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Peking U & Microsoft’s Knowledge Attribution Method Enables Editing Factual Knowledge in Pretrained Transformers Without Fine-Tuning

In the new paper Knowledge Neurons in Pretrained Transformers, a research team from Peking University and Microsoft Research introduces a knowledge attribution method that identifies the neurons that store factual knowledge in pretrained transformers and leverages these neurons to edit factual knowledge in transformers without any fine-tuning.

While today’s large language models have demonstrated an impressive ability to extract and recall massive amounts of factual knowledge from their training data, the question of how this factual knowledge is stored in such models remains under-explored.

In the new paper Knowledge Neurons in Pretrained Transformers, a team from Peking University and Microsoft Research introduces a knowledge attribution method that identifies the neurons that store factual knowledge in pretrained transformers and show it is possible to leverage these “knowledge neurons” to edit factual knowledge in transformers without any fine-tuning.

The team summarizes their main contributions as follows:

  1. We introduce the concept of knowledge neurons and propose a knowledge attribution method to identify the knowledge neurons that express specific factual knowledge in the fill-in-the-blank cloze task.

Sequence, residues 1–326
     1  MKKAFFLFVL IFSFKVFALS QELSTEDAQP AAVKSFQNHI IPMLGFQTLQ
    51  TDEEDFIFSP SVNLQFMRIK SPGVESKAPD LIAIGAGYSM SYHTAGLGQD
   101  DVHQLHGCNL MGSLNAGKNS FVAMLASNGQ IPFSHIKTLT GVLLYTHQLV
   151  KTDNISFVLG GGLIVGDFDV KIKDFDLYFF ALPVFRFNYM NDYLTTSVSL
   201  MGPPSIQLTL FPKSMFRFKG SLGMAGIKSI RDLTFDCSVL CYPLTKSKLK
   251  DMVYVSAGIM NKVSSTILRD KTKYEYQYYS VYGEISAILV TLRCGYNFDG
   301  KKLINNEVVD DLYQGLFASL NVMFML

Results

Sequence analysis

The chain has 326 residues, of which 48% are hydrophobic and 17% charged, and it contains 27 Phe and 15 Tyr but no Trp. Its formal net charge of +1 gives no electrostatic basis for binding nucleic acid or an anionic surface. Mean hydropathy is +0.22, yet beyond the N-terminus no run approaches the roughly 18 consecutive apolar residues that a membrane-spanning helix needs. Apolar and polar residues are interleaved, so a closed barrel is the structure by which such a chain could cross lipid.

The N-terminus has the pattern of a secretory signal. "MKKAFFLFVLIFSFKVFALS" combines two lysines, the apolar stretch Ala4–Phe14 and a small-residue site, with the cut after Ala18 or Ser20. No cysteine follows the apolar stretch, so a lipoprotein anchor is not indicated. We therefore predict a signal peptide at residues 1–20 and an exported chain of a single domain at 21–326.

2. We conduct both qualitative and quantitative analyses to show that knowledge neurons are positively correlated to knowledge expression.
  3. We present preliminary studies of leveraging knowledge neurons to edit factual knowledge in Transformers, even without any fine-tuning.

The team first introduces a knowledge attribution method designed to detect the neurons that represent learned factual knowledge in transformers. The novel method treats transformers’ feed-forward network blocks as key-value memories, and by computing the contribution of each neuron to knowledge prediction, the researchers are able to identify the knowledge neurons.

Given the detected knowledge neurons, the team then demonstrates that suppressing or amplifying their activation will correspondingly affect the strength of a model’s knowledge expression, enabling the editing or erasure of factual knowledge in pretrained transformers via a sort of knowledge surgery that directly modifies the parameters in feed-forward networks and can be performed without any fine-tuning.

In their preliminary case studies, the team evaluated knowledge neurons through the fill-in-the-blank cloze task on the PARAREL dataset and conducted experiments for BERT-base-cased pretrained models.

The results confirm the knowledge neurons identified by the team’s attribution method greatly affect knowledge expression; and that their proposed knowledge surgery achieves an impressive success rate. The team believes knowledge neurons represent a promising and efficient way to modify, update or erase undesired knowledge in pretrained transformers with minimal effort.

The code is available on the project’s GitHub. The paper Knowledge Neurons in Pretrained Transformers is on arXiv.


Author: Hecate He | Editor: Michael Sarazen


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